ARM still drives design for smartphones -- 1 billion in 2013

Small company with big ideas sees explosion in sales of entry-level smartphones this year

BARCELONA, Spain -- ARM creates the intellectual property used in the designs of more than 95% of the smartphones in the world, but the company had only a small booth at the edge of Hall 6 at Mobile World Congress here this week.

ARM, based in Cambridge, England, employs about 2,500 workers, many of them engineers who write the plans used to help companies build processors for smartphones and tablets.

For instance, Qualcomm buys ARM licenses to create the basis for its Snapdragon chips, some that integrate LTE radios, and Samsung's new Octa processor design incorporates eight different ARM cores.

ARM's so-called Big.Little power-saving processor design will appear in chips of Samsung and six other companies in 2013, ARM said.

"We're going to see a doubling in the performance of smartphone CPUs and GPUs (Graphics Processor Units) in the next 12 months," said James Bruce, lead mobile strategist for ARM, in an interview with Computerworld here.

In addition to processors like Octa, Bruce said the introduction of the Firefox OS is going to drive production of more smartphones in 2013, especially at low- and mid-range prices.

Many analysts predict that 1 billion smartphones will be produced in 2013.

High-end smartphones, sometimes called superphones, like the HTC One, the iPhone 5 and the Samsung Galaxy III, will get upgraded in 2013. Less powerful smartphones with fewer features will also appear, like the $48 (without subsidy) Spreadtrum Communications smartphones that are sold under a white label in China. Bruce said the Spreadtrum phone runs a single Cortex A5 chip, giving the performance that's almost up to the iPhone 3.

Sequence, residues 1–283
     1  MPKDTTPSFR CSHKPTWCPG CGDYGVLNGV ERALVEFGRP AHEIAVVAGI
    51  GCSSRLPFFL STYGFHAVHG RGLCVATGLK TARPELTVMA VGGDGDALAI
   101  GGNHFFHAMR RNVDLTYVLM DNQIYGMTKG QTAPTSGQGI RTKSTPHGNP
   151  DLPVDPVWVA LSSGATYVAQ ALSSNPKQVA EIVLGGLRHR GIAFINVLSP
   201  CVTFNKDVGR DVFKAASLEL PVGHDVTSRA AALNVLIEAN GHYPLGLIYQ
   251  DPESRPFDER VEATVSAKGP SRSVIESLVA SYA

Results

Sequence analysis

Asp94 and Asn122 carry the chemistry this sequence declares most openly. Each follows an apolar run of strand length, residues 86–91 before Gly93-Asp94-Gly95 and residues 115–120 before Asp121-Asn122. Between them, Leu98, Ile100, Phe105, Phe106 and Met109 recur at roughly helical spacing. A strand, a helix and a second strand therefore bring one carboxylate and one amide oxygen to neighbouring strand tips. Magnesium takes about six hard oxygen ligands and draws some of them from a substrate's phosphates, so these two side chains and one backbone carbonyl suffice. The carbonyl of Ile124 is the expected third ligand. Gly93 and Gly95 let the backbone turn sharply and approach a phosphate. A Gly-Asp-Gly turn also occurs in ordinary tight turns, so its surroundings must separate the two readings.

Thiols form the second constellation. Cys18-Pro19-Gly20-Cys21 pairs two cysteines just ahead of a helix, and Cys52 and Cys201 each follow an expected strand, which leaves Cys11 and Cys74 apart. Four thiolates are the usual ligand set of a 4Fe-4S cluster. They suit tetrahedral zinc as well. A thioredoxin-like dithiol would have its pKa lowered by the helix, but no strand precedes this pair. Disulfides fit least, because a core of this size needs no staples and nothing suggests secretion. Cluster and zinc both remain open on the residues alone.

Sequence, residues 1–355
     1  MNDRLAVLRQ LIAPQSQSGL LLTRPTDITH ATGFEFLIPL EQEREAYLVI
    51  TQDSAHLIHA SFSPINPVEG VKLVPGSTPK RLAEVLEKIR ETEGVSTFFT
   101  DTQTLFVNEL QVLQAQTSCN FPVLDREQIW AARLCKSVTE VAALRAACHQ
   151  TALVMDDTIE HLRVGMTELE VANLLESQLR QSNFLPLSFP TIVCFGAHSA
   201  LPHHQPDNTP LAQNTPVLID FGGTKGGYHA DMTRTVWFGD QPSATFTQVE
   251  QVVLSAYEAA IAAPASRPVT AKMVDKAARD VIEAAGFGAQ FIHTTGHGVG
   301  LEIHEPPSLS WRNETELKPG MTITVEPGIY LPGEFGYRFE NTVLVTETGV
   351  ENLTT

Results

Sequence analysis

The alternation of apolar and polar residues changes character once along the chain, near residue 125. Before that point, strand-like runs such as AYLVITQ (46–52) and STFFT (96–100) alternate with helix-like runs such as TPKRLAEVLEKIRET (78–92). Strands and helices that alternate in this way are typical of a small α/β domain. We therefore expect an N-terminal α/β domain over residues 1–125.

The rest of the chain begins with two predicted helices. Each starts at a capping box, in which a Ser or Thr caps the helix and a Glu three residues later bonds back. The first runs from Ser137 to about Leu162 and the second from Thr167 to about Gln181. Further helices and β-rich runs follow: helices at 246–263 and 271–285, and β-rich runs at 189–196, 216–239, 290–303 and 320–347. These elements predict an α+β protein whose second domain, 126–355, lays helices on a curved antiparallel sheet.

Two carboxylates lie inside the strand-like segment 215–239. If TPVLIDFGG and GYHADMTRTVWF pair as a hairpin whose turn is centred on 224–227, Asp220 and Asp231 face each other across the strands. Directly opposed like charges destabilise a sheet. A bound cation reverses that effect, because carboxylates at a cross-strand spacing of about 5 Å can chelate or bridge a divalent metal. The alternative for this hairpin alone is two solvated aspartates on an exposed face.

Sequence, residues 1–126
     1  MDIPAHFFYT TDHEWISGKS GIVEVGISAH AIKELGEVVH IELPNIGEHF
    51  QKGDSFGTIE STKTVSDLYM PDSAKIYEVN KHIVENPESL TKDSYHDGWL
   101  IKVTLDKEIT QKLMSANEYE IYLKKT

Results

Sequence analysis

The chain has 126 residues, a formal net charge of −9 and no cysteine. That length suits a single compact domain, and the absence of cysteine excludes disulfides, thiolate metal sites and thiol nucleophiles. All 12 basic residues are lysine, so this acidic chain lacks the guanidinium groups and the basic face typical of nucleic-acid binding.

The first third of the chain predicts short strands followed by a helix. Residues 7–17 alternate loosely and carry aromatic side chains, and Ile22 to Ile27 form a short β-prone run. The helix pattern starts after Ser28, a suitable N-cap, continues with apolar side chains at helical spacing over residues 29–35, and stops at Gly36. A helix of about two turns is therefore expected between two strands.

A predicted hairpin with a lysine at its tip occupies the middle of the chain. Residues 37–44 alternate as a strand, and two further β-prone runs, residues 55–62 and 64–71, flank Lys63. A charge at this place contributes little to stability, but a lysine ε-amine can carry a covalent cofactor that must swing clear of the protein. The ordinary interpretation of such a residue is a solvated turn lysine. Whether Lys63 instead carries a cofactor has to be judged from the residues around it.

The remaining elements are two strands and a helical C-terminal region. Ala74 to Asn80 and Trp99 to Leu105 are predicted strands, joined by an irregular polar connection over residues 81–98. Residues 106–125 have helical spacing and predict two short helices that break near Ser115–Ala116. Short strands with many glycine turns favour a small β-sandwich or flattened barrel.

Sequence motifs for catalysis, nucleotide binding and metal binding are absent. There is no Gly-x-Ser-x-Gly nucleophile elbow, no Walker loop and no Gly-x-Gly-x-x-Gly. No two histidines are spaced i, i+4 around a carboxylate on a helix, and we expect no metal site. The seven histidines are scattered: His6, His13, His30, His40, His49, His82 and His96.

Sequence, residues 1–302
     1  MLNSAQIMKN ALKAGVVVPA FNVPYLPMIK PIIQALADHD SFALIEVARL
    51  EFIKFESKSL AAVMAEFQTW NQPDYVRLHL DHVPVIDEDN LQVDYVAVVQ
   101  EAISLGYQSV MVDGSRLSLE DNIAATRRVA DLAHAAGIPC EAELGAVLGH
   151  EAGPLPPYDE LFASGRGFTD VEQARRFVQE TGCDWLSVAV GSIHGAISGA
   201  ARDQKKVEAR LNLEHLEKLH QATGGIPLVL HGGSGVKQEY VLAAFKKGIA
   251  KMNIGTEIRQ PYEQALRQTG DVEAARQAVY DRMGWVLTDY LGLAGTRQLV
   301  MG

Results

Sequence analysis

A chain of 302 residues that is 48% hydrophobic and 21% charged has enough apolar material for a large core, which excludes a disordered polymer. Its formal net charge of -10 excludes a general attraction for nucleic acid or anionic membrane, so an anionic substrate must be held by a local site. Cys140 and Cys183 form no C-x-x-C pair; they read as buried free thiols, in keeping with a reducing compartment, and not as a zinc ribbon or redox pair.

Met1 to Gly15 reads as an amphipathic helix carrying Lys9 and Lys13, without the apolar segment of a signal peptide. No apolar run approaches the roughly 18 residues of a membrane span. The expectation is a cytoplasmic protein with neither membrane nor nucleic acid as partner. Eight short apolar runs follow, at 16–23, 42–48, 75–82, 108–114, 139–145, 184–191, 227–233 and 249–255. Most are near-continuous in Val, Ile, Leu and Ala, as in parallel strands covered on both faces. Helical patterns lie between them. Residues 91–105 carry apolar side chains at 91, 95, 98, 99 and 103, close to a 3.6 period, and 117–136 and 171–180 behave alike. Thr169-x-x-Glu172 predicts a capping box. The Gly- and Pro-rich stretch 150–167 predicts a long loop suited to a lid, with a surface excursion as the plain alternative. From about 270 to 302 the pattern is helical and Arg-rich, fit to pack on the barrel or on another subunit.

"In 2013, we'll see superphone growth that's consistent, but also explosive growth for the mid- and entry-tier smartphones," Bruce said.

"The smartphone market is not static, and if you compare what's happening now with five years ago when the first Android phones appeared, you would have to say the market's doing extremely well," he said. "It's not a fixed market and very dynamic. The Firefox OS is an example of how 2013 will be interesting."

Matt Hamblen covers mobile and wireless, smartphones and other handhelds, and wireless networking for Computerworld. Follow Matt on Twitter at @matthamblen, or subscribe to Matt's RSS feed . His e-mail address is mhamblen@computerworld.com.

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